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Nothing solemn at the Solheim
While the pace of play was glacial, the spectacle that is the Solheim Cup delivered some cracking entertainment. The Europeans, certainly, were made up as both sides wore make-up at Killeen Castle

It hadn't been a very good summer for Captain Horatio Reilley-ffoulle, late of the West Yorkshire Highland Infantry, and Commander St John Pharte, CDM RM (retired). They had played a lot of golf in the early spring, when everything was lovely and everyone was in their shirt sleeves and had smiles on their faces, and then suddenly the weather turned cold and wet and they were to be found most days reclining in the club house, thankful that the club had invested in Sky, although they resented it when occasionally someone had the temerity to come in and switch over to something other than the golf.

St John Pharte had become quite excited when, once or twice, Michael Campbell, one of his particularly favourites and a distant relation who lived on the South Island of New Zealand, put in a good round. But sadly things went no further, which he found very hard to believe as he had always been a great fan of the young Kiwi. Reilley-ffoulle, on the other hand, liked all aggressive play and people who liked eccentric clothes. What a pair they made.

The tournaments came and went. What they really enjoyed about the club's Sky facility was that they didn't have to pay for it themselves. And then the Solheim Cup was suddenly upon them.

They both liked watching the women play, primarily because, in Reilleyffoulle's case, he liked to watch Christina Kim and her rather colourful way of playing. He enjoyed her crash, bang, wallop approach to golf. It took him back to his days of service during the war when he was in a decent skirmish - all guns blazing. On the other hand, St John really enjoyed Catriona Matthew. He looked upon her as the female version of Luke Donald: calm and quiet, getting on with the business in hand, hardly ever missing a shot, showing very little emotion and being almost unbeatable.

Subtlety may not be their strongest suit, but there's no denying the razzmatazz the Americans bring to the Solheim

This year's matches were being played in Ireland, at Killeen Castle, a Jack Nicklaus course which had received some nice publicity. The weather was only fair but not as bad as the previous year's Ryder Cup or, indeed, much of the Open Championship played at Royal St George's.

They were disappointed they didn't see more of the castle. The producer had obviously got a couple of cameras locked on to a particular view that was flashed up every time they wanted to show some results or graphics of what was going on. As for the golf course, they liked the shape and look of the holes but sometimes the camera tilted up and it appeared as if you were in the middle of Canada, with what looked like wheat fields waving away and not a tree in sight. It gave the course, in their eyes, a rather strange and bare look on occasion.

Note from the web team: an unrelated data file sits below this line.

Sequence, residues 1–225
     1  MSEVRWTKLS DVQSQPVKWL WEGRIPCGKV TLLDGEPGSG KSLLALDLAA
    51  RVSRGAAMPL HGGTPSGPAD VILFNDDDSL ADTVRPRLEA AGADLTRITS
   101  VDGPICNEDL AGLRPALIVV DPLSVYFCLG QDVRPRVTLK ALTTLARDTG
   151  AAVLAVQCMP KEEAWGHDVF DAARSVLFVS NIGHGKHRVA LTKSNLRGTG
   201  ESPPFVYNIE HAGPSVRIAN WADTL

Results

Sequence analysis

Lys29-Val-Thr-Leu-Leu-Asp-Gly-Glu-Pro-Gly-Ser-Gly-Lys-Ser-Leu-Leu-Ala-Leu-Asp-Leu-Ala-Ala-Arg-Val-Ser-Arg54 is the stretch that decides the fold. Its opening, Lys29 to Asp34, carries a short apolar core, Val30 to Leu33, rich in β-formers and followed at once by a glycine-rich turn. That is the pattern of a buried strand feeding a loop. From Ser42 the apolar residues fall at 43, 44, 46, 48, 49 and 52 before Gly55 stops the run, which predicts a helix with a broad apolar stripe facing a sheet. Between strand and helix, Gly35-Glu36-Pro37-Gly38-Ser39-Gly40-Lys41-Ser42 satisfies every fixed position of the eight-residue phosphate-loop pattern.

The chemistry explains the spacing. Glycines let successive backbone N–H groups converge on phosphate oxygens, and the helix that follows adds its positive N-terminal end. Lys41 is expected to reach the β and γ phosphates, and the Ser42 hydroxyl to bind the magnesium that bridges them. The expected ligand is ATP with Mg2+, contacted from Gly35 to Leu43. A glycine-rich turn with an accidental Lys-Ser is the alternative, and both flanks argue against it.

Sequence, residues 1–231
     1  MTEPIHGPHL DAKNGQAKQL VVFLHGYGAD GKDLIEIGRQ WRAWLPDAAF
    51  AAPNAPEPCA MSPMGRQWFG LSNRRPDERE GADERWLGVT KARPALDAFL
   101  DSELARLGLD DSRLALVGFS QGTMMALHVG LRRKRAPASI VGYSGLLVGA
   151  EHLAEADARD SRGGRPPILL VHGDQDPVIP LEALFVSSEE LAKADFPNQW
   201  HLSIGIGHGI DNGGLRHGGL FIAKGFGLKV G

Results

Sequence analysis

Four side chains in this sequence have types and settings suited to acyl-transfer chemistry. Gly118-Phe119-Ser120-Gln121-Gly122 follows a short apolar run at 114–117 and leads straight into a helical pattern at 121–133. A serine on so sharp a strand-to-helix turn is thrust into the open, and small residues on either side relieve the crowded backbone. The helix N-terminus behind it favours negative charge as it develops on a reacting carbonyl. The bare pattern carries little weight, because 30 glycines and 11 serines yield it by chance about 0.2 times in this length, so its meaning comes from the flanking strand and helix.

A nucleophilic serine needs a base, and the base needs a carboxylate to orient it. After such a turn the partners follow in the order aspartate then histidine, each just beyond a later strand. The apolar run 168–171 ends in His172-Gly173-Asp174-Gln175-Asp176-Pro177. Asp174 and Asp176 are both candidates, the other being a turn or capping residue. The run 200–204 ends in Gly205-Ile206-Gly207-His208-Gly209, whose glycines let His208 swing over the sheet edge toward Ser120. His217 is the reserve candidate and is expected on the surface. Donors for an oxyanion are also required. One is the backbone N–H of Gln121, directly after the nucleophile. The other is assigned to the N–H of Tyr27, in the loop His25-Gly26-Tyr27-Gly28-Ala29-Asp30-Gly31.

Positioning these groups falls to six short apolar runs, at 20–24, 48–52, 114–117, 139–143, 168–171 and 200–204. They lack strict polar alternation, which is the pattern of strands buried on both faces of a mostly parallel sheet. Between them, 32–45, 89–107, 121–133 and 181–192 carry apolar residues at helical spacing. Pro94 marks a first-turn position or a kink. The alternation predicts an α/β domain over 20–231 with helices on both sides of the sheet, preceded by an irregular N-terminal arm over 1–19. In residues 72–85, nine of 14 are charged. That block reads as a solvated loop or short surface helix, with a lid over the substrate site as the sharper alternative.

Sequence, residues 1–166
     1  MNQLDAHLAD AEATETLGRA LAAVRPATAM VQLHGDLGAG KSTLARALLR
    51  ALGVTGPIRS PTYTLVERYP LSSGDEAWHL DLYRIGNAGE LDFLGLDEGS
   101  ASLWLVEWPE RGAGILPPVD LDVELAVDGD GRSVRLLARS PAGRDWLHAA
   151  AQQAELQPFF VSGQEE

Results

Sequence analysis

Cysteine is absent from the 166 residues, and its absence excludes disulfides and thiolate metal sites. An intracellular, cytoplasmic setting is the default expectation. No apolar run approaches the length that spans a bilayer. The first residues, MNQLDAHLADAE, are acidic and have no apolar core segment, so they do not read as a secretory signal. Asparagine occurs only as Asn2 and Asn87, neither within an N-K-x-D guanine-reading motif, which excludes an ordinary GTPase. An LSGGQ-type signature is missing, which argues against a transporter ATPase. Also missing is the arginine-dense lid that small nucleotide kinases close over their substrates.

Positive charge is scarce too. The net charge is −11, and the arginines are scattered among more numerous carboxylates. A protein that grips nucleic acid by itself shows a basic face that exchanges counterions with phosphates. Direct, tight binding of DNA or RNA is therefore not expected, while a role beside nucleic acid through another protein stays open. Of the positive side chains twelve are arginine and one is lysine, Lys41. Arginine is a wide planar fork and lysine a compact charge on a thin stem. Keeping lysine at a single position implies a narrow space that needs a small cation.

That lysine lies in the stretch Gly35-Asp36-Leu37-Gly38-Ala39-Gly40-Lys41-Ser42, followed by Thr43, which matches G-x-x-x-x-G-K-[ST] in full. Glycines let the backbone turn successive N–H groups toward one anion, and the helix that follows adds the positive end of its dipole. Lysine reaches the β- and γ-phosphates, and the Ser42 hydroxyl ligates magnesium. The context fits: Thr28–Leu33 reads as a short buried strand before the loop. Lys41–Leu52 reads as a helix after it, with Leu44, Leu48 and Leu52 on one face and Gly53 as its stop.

The crowds came in good numbers and they clearly enjoyed the match, particularly as there was a home win, rather like the Ryder Cup, achieved with a last-gasp effort. They weren't too sure about the painted faces of the girls, whether they be European or American, and the fact that sometimes the players had fingernails to match. Granted, the pace of play was abominably slow, as usual, but all in all they enjoyed it.

Having watched the three international events that had taken place over the previous 12 months - the Ryder Cup at Celtic Manor, the Walker Cup at Royal Aberdeen and now the Solheim Cup - they wondered how long it would be before somebody in authority realised how difficult it is to play team matches in Northern Europe at the end of September or the beginning of October. Early-morning fog, frost with the night closing in, fourballs taking six hours, everybody having a notebook and a map of the course, players being lined up by caddies... the whole show takes forever.

Then there's the continual fist-pumping and hand-clapping. And when did the idea of everybody shaking hands at the end of the match come into being? They thought it was nice when caps were doffed and the players shook hands, but now the caddies were involved, not only with a handshake but sometimes with a hug, and that's even for the men. Would it soon include spouses, boyfriends or girlfriends, and even children running on to the 'stage', crying "Whoopee" and clapping hands and crunching knuckles. They sometimes wondered if we were trying to make the game too much like showbiz.

But what a year it had been, and not only for those lads from Northern Ireland who had been going berserk lately. The old boys settled back, ordered another couple of pink gins, and pondered the winter ahead with golf from the Far East, everybody sweating profusely. It was enough to warm their hearts as they prepared for the cold days ahead.

November 2011

Reproduced with kind permission of Golf International Magazine


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